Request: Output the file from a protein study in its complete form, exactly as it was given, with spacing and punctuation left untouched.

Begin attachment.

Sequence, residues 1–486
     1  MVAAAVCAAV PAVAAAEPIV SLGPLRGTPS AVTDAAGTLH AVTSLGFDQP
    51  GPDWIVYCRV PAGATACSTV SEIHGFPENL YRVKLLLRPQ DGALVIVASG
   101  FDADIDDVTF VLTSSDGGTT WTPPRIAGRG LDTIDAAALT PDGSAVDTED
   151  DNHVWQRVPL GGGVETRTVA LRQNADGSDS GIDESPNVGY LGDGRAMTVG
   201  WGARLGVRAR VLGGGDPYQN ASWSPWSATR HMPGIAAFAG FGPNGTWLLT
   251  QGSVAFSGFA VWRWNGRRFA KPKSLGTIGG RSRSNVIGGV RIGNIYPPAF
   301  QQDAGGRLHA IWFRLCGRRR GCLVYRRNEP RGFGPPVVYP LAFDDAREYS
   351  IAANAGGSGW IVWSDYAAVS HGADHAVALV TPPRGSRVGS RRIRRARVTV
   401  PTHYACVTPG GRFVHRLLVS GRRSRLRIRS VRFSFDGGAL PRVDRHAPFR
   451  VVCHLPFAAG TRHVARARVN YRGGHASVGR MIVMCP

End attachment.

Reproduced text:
Sequence, residues 1–486
     1  MVAAAVCAAV PAVAAAEPIV SLGPLRGTPS AVTDAAGTLH AVTSLGFDQP
    51  GPDWIVYCRV PAGATACSTV SEIHGFPENL YRVKLLLRPQ DGALVIVASG
   101  FDADIDDVTF VLTSSDGGTT WTPPRIAGRG LDTIDAAALT PDGSAVDTED
   151  DNHVWQRVPL GGGVETRTVA LRQNADGSDS GIDESPNVGY LGDGRAMTVG
   201  WGARLGVRAR VLGGGDPYQN ASWSPWSATR HMPGIAAFAG FGPNGTWLLT
   251  QGSVAFSGFA VWRWNGRRFA KPKSLGTIGG RSRSNVIGGV RIGNIYPPAF
   301  QQDAGGRLHA IWFRLCGRRR GCLVYRRNEP RGFGPPVVYP LAFDDAREYS
   351  IAANAGGSGW IVWSDYAAVS HGADHAVALV TPPRGSRVGS RRIRRARVTV
   401  PTHYACVTPG GRFVHRLLVS GRRSRLRIRS VRFSFDGGAL PRVDRHAPFR
   451  VVCHLPFAAG TRHVARARVN YRGGHASVGR MIVMCP